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Gold-market rigging has many whistleblowers; they're just always ignored

IMG Auteur
Published : January 23rd, 2012
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Many people ask why, if there really is a gold price suppression scheme -- a scheme of currency market intervention to support the dollar and other currencies against the true international reserve currency, gold -- some whistleblowers haven't come forward to expose it.

In fact, the whistle has been blown on the gold price suppression scheme many times over the years, and by the highest authorities. They just haven't yet been recognized as whistleblowers by the news media and financial analysts.

Many of you may have heard of Federal Reserve Chairman Alan Greenspan's famous remark about gold in his testimony to Congress in July 1998: "Central banks stand ready to lease gold in increasing quantities should the price rise."

That is, Greenspan contradicted the usual central bank explanation for leasing gold -- supposedly to earn a little interest on a dead asset -- and admitted that gold leasing is all about suppressing the price. Greenspan's admission is still posted at the Fed's Internet site:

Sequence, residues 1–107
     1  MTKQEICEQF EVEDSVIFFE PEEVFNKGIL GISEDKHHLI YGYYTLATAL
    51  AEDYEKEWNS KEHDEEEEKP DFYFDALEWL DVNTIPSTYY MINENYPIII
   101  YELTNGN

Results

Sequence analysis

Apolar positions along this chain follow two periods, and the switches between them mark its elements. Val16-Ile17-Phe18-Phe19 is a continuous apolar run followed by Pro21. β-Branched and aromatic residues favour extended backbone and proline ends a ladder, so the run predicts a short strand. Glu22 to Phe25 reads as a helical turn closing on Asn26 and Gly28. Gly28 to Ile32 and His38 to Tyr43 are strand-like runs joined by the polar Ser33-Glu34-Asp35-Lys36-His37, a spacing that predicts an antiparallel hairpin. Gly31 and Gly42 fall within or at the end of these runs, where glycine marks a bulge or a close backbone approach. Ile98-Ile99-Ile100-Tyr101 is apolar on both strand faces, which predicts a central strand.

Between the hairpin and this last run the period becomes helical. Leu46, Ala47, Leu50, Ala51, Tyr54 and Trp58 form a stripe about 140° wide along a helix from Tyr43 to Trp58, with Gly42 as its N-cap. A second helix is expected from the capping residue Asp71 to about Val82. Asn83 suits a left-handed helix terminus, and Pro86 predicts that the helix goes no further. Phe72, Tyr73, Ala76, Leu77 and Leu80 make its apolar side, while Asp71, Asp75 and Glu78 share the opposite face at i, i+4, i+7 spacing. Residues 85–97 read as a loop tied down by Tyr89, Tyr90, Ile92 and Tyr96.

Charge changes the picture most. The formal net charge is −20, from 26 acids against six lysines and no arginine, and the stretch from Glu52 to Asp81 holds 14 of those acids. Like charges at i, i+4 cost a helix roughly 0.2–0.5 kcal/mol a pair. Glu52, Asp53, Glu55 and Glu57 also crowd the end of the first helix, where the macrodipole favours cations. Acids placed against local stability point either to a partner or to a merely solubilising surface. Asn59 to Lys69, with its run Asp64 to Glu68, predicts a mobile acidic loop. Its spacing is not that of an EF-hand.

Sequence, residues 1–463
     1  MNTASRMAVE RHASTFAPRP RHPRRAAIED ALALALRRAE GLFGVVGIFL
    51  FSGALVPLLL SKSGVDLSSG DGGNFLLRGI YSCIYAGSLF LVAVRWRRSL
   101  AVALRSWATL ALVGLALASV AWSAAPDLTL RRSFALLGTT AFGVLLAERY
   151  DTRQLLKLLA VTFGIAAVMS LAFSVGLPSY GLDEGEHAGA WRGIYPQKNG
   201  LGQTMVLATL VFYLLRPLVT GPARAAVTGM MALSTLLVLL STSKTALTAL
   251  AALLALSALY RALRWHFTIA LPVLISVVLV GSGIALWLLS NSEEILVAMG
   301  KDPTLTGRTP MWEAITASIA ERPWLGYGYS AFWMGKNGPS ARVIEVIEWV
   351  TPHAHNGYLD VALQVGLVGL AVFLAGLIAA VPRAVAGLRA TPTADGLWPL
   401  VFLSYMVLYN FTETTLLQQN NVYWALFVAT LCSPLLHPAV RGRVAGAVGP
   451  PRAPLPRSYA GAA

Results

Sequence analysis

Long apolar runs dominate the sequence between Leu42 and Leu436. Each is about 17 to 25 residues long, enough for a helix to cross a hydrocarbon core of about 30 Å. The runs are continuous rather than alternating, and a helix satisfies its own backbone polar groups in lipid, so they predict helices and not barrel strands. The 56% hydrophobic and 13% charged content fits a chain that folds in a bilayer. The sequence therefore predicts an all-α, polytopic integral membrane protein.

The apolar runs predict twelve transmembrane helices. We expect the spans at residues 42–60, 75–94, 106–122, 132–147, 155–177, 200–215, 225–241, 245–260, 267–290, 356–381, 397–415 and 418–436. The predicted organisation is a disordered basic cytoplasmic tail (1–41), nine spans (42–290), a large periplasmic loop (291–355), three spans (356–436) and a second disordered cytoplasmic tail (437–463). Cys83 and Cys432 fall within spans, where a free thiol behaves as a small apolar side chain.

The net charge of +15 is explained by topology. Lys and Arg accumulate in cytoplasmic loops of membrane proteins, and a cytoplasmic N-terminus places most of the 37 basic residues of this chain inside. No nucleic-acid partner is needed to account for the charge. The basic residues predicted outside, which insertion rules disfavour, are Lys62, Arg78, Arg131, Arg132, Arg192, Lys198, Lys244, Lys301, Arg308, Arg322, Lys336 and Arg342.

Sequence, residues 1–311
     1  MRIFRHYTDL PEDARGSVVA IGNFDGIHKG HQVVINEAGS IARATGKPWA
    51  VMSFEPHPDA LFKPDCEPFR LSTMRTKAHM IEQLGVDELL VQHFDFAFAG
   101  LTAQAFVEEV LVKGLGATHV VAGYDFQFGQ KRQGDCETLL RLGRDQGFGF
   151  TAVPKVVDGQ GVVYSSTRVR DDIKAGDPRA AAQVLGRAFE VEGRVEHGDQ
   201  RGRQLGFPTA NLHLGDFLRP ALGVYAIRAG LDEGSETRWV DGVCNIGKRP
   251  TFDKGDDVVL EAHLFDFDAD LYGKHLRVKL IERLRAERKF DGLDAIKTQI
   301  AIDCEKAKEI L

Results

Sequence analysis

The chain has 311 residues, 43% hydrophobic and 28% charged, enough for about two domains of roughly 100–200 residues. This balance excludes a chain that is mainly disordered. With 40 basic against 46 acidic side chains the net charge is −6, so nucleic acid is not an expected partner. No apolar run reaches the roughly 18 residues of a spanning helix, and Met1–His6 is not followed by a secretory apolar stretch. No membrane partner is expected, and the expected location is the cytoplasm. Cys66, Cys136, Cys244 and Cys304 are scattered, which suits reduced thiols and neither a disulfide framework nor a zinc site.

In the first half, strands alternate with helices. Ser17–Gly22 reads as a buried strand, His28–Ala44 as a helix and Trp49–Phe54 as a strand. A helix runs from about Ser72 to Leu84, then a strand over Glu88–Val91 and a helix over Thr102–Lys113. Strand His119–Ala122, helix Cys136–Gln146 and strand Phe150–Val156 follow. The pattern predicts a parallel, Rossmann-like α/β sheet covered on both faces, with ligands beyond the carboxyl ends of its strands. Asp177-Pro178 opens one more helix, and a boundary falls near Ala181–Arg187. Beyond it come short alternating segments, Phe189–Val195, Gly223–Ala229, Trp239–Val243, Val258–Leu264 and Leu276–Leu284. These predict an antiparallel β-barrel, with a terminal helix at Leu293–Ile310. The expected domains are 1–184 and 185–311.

And at GATA's:

But the official whistleblowing goes far beyond that.

A few years ago a sensational memorandum was discovered in the archives of William McChesney Martin, the longest-serving chairman of the Fed, from 1951 to 1970. His archives are in the possession of the Missouri Historical Society and material from them is posted on the Internet site of the Federal Reserve Bank of St. Louis.